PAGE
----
Category Archives: Fun Projects - Page 2

I have my CCENT!

I received my CCENT certificate in the mail today!  I was so thankful to pass the test, I’m looking forward to studying for the CCNA after New Year’s.

Certificate

I’m taking my time on getting everything posted, but I recently took a trip to North Carolina where I got to tour Microsoft!  I have a few neat pictures from there =D  And I completed the laser I mentioned in this post as well, I’ll post pictures of that as well.

Lockup when using Nawcom’s Mod CD / Empire EFI / iBoot

I’m in the process of making my machine dual boot Windows 7 and OSX.  I was having some trouble getting the Nawcom Mod CD to do anything other than freeze.  Pressing F5 crashes the installer, as does selecting a device to boot from.   This is an issue stemming from the Empire EFI swap CD they’re working from, as several variations were showing the same behavior.

The disc started working normally once I disabled two extra JMicron SATA controllers integrated into my motherboard, as well as my unused IDE controller.  I’m guessing that there is a driver missing from the boot CD that makes it unable to handle those JMicron controllers.  I haven’t had the chance to cycle through each one to see if a specifc one is causing it, or if it’s just the IDE or just the JMicrons.

In any case, if someone else has this issue hopefully they will stumble across this post.  Now to figure out why I’m getting a Kernel Panic before I even see the install screen…

Projects for the Co-Lab

Although I haven’t signed up for a membership yet, I’ve spent quite a bit of time at the Quad Cities Co Lab (https://www.qccolab.com/) and I’m really starting to get the itch to start a project.  Tonight I’ll be attending a Microcontroller programming class there, and I have two more ideas I wanted to document.  One of them is going to happen, the other may take a bit longer, and may not entirely be my project.

First, the simple one.  I have a Hauppauge WinTV-HVR-950Q that gets very hot during use.  I opened it up, and found the chip responsible for all the heat:

TV Tuner - Case Removed

TV Tuner - Case Removed

There isn’t anything too lofty here.  I found some heatsinks on Newegg, and they even come with thermal tape to attach to the chip.  What I’m really hoping to do is drill holes in the outer casing that the fins / poles on the heatsink will fit through.  If I do it right it should look really nice.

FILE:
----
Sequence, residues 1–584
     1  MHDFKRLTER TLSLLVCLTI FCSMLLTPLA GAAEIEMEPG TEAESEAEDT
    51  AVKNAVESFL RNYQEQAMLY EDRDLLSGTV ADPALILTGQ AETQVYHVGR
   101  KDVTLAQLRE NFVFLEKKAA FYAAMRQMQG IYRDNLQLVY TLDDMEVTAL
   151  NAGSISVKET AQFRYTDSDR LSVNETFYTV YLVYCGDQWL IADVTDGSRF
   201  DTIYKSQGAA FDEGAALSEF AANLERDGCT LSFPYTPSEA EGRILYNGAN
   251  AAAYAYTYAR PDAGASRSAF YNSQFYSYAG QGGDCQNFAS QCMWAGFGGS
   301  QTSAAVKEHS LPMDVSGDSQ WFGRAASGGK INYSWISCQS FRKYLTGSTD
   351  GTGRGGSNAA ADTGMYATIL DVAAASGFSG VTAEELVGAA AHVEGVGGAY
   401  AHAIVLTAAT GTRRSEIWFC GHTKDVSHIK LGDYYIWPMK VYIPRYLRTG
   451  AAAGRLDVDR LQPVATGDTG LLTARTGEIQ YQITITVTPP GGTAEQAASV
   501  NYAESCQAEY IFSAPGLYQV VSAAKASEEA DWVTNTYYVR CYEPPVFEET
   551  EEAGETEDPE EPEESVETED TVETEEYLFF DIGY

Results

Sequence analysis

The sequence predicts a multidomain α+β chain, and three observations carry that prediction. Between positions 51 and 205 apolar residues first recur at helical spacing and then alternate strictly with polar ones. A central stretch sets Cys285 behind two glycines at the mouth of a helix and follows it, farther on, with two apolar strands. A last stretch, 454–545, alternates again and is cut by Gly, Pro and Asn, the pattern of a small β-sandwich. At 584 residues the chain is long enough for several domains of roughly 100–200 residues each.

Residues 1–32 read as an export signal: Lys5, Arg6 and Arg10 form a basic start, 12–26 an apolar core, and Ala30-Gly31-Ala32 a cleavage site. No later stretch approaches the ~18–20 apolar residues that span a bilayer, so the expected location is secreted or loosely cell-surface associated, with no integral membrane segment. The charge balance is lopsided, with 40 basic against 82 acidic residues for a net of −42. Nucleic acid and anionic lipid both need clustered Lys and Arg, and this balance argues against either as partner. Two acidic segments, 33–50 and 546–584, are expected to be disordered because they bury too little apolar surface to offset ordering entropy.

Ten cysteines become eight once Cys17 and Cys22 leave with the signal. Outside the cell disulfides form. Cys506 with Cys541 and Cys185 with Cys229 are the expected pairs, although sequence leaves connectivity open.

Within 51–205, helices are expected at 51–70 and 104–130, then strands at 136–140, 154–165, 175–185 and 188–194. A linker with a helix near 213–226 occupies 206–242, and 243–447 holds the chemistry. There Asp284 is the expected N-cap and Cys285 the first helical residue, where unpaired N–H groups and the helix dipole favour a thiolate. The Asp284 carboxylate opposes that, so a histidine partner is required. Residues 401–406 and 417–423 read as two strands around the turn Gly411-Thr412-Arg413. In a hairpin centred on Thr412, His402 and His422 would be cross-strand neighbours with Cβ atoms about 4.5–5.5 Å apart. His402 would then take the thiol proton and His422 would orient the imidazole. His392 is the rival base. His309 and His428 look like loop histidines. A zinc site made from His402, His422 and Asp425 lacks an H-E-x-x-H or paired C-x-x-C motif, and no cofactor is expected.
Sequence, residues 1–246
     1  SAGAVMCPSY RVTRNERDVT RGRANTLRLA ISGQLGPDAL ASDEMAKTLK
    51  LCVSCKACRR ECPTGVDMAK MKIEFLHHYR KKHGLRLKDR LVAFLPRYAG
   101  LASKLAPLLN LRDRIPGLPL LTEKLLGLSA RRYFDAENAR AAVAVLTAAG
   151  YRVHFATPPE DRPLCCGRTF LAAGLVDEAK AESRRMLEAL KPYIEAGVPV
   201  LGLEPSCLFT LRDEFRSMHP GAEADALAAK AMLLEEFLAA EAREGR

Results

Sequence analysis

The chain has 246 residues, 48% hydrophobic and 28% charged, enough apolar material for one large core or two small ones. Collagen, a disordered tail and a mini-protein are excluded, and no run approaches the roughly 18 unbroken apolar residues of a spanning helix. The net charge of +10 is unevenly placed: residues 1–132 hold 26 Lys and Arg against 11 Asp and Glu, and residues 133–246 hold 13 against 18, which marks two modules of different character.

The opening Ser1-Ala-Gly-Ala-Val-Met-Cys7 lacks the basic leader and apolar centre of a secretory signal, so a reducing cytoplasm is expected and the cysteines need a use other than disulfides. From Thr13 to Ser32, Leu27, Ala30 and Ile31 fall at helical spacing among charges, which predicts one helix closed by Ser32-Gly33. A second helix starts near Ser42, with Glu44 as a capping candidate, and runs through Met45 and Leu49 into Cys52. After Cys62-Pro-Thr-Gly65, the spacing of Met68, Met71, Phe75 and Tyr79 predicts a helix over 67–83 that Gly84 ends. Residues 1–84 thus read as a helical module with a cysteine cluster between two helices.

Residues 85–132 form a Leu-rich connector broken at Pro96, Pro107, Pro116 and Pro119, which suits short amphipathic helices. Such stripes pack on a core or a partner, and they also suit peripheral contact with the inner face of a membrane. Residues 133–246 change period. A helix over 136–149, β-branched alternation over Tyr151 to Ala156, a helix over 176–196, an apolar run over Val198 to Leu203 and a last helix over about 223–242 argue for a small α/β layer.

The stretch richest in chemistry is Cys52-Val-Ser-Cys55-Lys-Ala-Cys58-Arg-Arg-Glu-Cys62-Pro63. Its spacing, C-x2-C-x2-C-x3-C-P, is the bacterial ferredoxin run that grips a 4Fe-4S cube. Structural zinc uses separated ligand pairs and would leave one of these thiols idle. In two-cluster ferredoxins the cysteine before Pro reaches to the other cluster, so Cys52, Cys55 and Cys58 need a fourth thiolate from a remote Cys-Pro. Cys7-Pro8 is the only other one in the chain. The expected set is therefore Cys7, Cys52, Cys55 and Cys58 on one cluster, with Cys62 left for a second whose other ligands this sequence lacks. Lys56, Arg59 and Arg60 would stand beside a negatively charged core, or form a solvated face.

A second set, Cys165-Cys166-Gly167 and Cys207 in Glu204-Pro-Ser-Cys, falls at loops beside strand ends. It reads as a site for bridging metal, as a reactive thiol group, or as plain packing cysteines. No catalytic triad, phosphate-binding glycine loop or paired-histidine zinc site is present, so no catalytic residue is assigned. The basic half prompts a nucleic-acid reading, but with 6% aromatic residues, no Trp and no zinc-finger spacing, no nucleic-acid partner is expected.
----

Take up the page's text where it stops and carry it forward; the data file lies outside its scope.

The next project has two parts.  The first would be to build a laser.  There are kits available to make 150mw blue / violet lasers.  Here is a video showing how they perform.  This is not the kit I would be building.  The kit is a lot more bare-bones.

 

So it’ll be a nice, bright laser and will probably work great for the parlor tricks shown in the video.

Now, I was inspired when I saw this Instructables article on making a wood-etching laser pen. I thought transmitting a laser through fiber optic would be too “lossy” to still etch or cut.  But if it can be done through fiber, the process of building a low-power laser cutter becomes a lot more practical.  I need a plotter / CNC platform to control it though.  And, well… I had this crazy idea, considering the fiber optics are so light…

Etch-A-Sketch Laser Cutter

Yes, I actually propose using an Etch-A-Sketch as the plotter.  There are plans available to build a computerized Etch-A-Sketch, I just want to change out the etching head with a laser.

Realistically, we probably won’t use an Etch-A-Sketch.  I bought one and (with a friend’s help) took it apart, the insides are a little tight to fit components in.  And also, those things are filled with aluminum powder.  But the main stopping point is that I’m worried about the parts slipping, making the cutter unreliable.  They’re toys, not exactly designed for precision.

My friend Mark has taken some interest in this project.  He wants to see a laser cutter built, and is already familiar with programming the Arduino microcontrollers we’d be using.  Hopefully we’ll be able to work together and build this thing.  I already have some printers I’m going to give him, we’re hoping there are usable stepper motors inside.

Several other people at the Lab have mentioned building a laser cutter, honestly I’d just like to see this thing built. If I’m not involved it’s unfortunate, but I’ll be just as happy to see someone else complete one of these things.

My last project is to learn how to program the Arduino, which will start with tonight’s class.  I don’t have any ideas for it yet, but I also don’t really understand what the Arduino can do.  I’m thinking once I have a grasp of that, I’ll get some ideas.

Norton Ghost, Virtual Machines, and weird MBRs.